About

Hi, I’m Debora

Hanging mobiles and the art of Origami have always been a part of my life, and now as an adult I enjoy combining these two in my art.  Capturing the imagination of children and adults alike, and sharing a symbol of peace – the paper crane brings me joy, and working with my customers to create mobiles that meet their needs is always a fun experience.

Why I Make Mobiles:

Besides my desire to give origami a greater purpose for existing other than just being, I love seeing the joy that my work brings to those who see and experience it. Watching one of my mobiles in motion can help bring peace to one’s soul, and I feel that it's an essential piece of art for someone's home. 
What I make is pretty and decorative, and it seems to have a life of its own as it becomes part of its environment and changes with it – moving with the air, casting shadows, and changing with the lighting.  What I make is also functional – bringing joy, peace, and tranquility into homes and offices throughout the world.  
Crying and frustrated babies are soothed and they calm down and feel happy watching the unpredictable movements of my art.  Many exhausted babies will relax and fall asleep as they watch the origami drifting slowly above them.  My art provides a source of peace in people’s stressful work environments, and helps them relax and unwind when they are at home.

How I Got Started Making Mobiles: History of Origami and My Introduction to Origami and Mobiles

Origami is often defined as the art of folding paper to create three-dimensional figures of animals, people, objects, and shapes.  The Japanese word “Origami” is a combination of the verb oru (to fold) and the noun kami (paper).  I was introduced to the art of Origami in the fourth grade, when my teacher had our class read “Sadako and the Thousand Paper Cranes” and fold 1000 paper cranes to ship to Japan.  Their destination was Sadako’s monument in Hiroshima, Japan.

The Story of Sadako Sasaki

In 1955 a Japanese girl named Sadako was diagnosed with leukemia at the age of twelve.  Her cancer developed as a result of the radiation from the Hiroshima bombing in 1945 when she was 2 years old.  In the hospital she learned of a legend where a wish would be granted to anyone who folded 1000 paper cranes.  With the wish to be healed, Sadako began folding 1000 paper cranes, but only managed to complete 644 of her 1000 cranes.  Even though Sadako died within a year of her diagnosis, her story lives to this day, and there is a statue of Sadako holding a golden crane in the Hiroshima Peace Park in Japan.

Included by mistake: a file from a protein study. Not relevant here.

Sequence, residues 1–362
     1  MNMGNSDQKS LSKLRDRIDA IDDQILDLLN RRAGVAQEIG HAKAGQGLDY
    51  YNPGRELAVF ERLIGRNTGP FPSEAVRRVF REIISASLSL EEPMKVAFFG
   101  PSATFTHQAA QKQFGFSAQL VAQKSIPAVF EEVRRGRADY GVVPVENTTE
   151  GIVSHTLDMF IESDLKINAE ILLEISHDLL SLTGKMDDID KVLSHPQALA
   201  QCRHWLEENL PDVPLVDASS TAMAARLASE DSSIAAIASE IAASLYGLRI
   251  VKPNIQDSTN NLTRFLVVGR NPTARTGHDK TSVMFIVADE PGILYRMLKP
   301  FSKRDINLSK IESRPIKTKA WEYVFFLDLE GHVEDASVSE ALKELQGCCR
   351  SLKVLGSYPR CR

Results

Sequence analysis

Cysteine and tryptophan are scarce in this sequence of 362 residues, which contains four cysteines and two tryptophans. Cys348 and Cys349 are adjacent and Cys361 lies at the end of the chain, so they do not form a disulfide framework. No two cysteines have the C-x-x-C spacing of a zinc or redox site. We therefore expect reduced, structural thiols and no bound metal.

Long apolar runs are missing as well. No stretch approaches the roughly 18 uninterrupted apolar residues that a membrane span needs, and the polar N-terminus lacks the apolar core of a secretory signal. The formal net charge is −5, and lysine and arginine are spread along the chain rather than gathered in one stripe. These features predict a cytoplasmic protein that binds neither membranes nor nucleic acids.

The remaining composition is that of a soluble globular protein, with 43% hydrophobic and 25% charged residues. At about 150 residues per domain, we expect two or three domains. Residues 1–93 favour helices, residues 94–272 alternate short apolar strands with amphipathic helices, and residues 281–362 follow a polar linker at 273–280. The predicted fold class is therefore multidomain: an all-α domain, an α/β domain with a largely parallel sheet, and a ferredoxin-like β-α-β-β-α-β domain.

The words, “This is our cry, this is our prayer, peace in the world” are inscribed at the bottom of the statue.
As a child I was captivated by this story of Sadako and her 1000 paper cranes, and I would find myself folding cranes out of any paper I happened to be holding.  Over the years I’ve folded thousands of Origami paper cranes, and hundreds out of event programs, gum wrapers, and napkins.  Everything about Origami fascinated me and I learned how to fold numerous other Origami models besides the crane – a worldwide symbol of peace.  My favorite Origami model is still the paper crane, and I will always remember the day I learned how to fold my very first crane.

An Otagiri Sailboat Mobile


My very first mobile attempt.
Incidentally, that same fourth grade teacher had a delicate sailboat mobile hanging above a classroom window.  I wasn’t much of a daydreamer in school, but I spent lots of time staring at that mobile in wonder – watching the little boats dance in the breeze.  The perfect balance of each wire fascinated me, and I attempted to construct several extravagant mobiles at home with little success.
Years later while working as a grader for this same teacher (who to my delight still had the mobile by the window) I studied this mobile with fresh eyes, observing the way each boat hung from the wires and the way they never collided.  I replaced a few missing sails with colored paper so the mobile could once again be properly balanced and complete.  After that I had to try making a hanging mobile again.

Thinking About the Future vs Where I Am Now


My first successful attempt
Sometimes I feel doubt about what I do and how much time and effort it takes to create my art – I think I should be doing something easier and less time-consuming.  I can draw well, so why don’t I sell art prints instead?  I’d only have to make one original and then sell the copies.  Or what if my mobiles had paper cutouts instead of intricately hand folded origami models?
Maybe one day I’ll have other things hanging from my wire frames – things manufactured as opposed to hand folded – it certainly would allow me to have items available at lower price points.  But those lower price points would be for items with less soul.
Maybe one day I’ll hire people to fold the origami for me and I’ll just design the mobiles and choose the papers.  My business may even grow to the point where I can hire people to do everything and I will just oversee the company and make decisions about branding and style.  But then I wouldn’t be a part of the creation of every Timeless Crane Mobile.
Maybe one day you’ll be able to buy one of my mobiles at a Pottery Barn Kids, or Land of Nod, or through West Elm.  Perhaps my company will be so large that I’ll have to outsource to China because it will grow beyond being cost effective to make mobiles here at home.  But then nothing about what I did would be personal, and I would never see or even hear directly from my customers anymore.
Maybe one day things will change as my business grows… But for today I’m just one person creating beautiful art that has character and personality and brings joy and peace to people’s lives.

 Visit my Shop or the Gallery to see the mobiles I make.